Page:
Members of the Virginia Tech Rescue Squad and several local first-responder agencies will put their training to the test in a full-scale drill that will simulate an airplane crash at the Virginia Tech Montgomery Executive Airport at 11 a.m. on April 8.

First responders from the Blacksburg Fire Department, Blacksburg, and Shawsville rescue squads; LewisGale Hospital-Montgomery; the Virginia Department of Emergency Management; and the Virginia Tech Police Department are also participating in the drill, among others.

In addition to approximately 45 first responders, there will be about 20 volunteers who will play the role of those injured by the crash. Volunteers will wear make-up designed to make their “injuries” look as real as possible. This will allow responders to practice resource coordination and lifesaving interventions in an authentic mock-up scenario.

Setup for the drill will begin at 8 a.m. The drill is expected to start at 10 a.m. and wrap up by 2:15 p.m. Flashing lights and sirens on emergency vehicles will be used during the drill.  A Carilion LifeGuard Med-Evac helicopter will be on scene as well.

The event is free and open to the public. There will be an area sectioned off for spectators.

A similar drill was scheduled for last spring, but cancelled due to inclement weather.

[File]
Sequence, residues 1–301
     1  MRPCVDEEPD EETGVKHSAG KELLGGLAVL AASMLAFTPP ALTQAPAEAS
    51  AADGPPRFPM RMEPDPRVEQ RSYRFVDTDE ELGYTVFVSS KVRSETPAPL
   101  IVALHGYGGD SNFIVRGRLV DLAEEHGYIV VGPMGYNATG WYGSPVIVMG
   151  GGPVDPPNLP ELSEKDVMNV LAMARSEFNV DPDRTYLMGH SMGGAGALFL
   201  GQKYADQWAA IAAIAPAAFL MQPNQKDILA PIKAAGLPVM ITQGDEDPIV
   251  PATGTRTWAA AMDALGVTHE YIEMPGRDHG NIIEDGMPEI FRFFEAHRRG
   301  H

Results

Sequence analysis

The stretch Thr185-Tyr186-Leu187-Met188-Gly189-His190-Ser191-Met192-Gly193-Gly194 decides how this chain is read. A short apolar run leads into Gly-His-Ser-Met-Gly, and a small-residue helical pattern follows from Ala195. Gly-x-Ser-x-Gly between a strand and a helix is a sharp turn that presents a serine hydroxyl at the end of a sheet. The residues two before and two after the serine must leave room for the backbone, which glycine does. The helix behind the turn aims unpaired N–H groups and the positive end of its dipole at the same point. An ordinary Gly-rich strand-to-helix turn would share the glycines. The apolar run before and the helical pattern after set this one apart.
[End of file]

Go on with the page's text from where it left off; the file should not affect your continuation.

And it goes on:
The rescue squad also conducts two mock DUI drills each year (fall and spring) to help educate students and the community about the risks of drinking and distracted driving. These types of drills help keep the rescue squad ready for all types of emergency situations and have led to multiple local, regional, and national awards over the years.

This year, the squad performed exceptionally well at the 24th annual National Collegiate Emergency Medical Services Foundation conference, receiving awards and recognition for basic and advanced life-support skills and mass casualty incident skills.

The Virginia Tech Rescue Squad has served the university community since 1969 and is the oldest collegiate rescue squad in Virginia and the second oldest in the nation. The squad has 40 student members who perform the same functions as a municipal rescue squad and handle about 1,200 calls per year.

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